The thing is that there is a catch. The past system where you can get a job because the boss liked your moxy was based on a lot of what we would call white privilege. It really was only true for white people and most likely only white men at that. Women, anybody of non-sufficient whiteness, the entire LGBT population, and even many white men were effectively excluded from either formal or informal paths of advancement. A white person who could write well might get a job at newspaper or doing something else by sheer moxy but an African-American could not. Making everything about having the right credentials and connections has some very big disadvantages but it might be the only way to have an elite that is really diverse rather than limited to one race.

    In other words we can have a credentialized but open system or we can have moxy based but closed system but we can’t have a moxy based open system.

    Report

      • It could be worse without the credentialism. Art Deco provided some counter-examples bellow but these were really the exceptions that prove the rule. Three famous women and two famous African-American men compared to how many white men were making it. Credentialism makes it easier for non-white men to overcome previous barriers because it gets harder to justify saying that this African-American woman from Yale is less qualified than this white high school boy with moxy.

        Report

    • In other words we can have a credentialized but open system or we can have moxy based but closed system but we can’t have a moxy based open system.

      Actually, in public employment and in recruitment to large enterprises, you can have an exam based system. Provided, of course, that you don’t have lawyers second guessing the examiners.

      Report

      • Exams are better than the “good ol’ boy” network, but we should be at least AWARE of what sorts of cultural proficiencies they are testing.

        (Inner city test for cops maybe ought to look a little different than rural test for cops, yes?)

        Report

  4. The thing is that there is a catch. The past system where you can get a job because the boss liked your moxy was based on a lot of what we would call white privilege. It really was only true for white people and most likely only white men at that. Women, anybody of non-sufficient whiteness, the entire LGBT population, and even many white men were effectively excluded from either formal or informal paths of advancement.

    1. Whites in 1948 constituted 87% of the population.

    2. Erma Bombeck got her first newspaper job as a high school student ca. 1945. Nina Totenberg had some college but has never earned a BA degree. IIRC, Linda Ellerbee also has no degree. Both women broke into journalism ca. 1965.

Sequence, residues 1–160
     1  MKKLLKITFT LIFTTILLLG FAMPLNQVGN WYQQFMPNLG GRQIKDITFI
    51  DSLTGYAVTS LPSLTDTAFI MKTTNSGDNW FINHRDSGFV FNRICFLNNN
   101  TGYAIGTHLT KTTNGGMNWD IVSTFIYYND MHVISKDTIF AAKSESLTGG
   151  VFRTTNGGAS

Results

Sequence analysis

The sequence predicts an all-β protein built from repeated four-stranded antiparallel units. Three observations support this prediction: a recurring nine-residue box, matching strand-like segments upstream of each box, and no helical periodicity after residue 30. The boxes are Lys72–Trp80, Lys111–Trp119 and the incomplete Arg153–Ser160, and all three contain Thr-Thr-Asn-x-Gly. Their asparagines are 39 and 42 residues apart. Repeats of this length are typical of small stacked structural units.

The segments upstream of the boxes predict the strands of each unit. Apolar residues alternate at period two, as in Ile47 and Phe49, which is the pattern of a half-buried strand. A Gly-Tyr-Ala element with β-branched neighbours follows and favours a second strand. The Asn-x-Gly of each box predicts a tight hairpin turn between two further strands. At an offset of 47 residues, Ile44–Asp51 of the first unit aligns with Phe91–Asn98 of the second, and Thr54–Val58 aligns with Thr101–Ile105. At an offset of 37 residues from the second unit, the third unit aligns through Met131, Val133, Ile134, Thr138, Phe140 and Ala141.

3. George Schuyler broke into journalism in the 1920s without a degree. Alex Haley did so in the 1950s.

    Report

  5. Lee, you do realize that it other than a few eccentrics like Gore Vidal or Quentin Crisp, homosexual men did not in 1955 make a point of telling people about their extracurriculars when talking outside of certain social circles? Explicit discussion of that wasn’t done when I was a young office worker thirty-odd years later, and I was working in a sophisticated Rustbelt city in a government job. To say that ‘LGBT were excluded’ is weirdly anachronistic. (And, by the way, Joseph Alsop had a sterling career).

    Report

  6. Is the MFA v. Non-MFA thing that new? N+1 had a whole to MFA or not MFA symposium a few years ago.

    Lee brings up some good points. Meritocracy has its problems but the old white boy network is what ruled the day when people became journalists after high school. The MFA does probably promote a significantly similar literary type of style that appeals to a specific market. The SF community has been raging against literary fiction for years on this lines.

    That being said, I need concrete evidence on the types of people who are in MFA programs. I have seen people damn our current system because it requires people to take on a lot of debt for all degrees. The charge that you highlighted makes the opposite claim by stating on the middle class and above go into MFA programs. Which is it? Are universities and MFAs now just for the rich or are too many people taking on debt to attend?

    In general, there are a lot of scams in the artworld beyond the MFA. I have seen plenty of people pay good money to attend weekend writer workshops or week-long writer workshops which are kind of like short versions of MFA programs but you get your writing critiqued by authors you admire.

    A six-week workshop at Clarion (which specializes in speculative fiction) costs 3800 dollars plus application fee. The 3800 only gives partial board. You are on your own for lunch and dinner on Friday, Saturday, and Sunday. Plus there is the cost of taking that much time off from work and travel to and from the workshop location.

    Is Clarion more or less scandalous than MFA programs?

    http://alexbledsoe.com/2016/01/15/thoughts-on-clarion-privilege-and-gaiman/

    Clarion is not the only version of this. There are lots of writer’s workshops for all genres and equal or greater levels of expense. There are Master Classes for would-be actors or even just brush up classes to keep your technique alive between shows or auditions.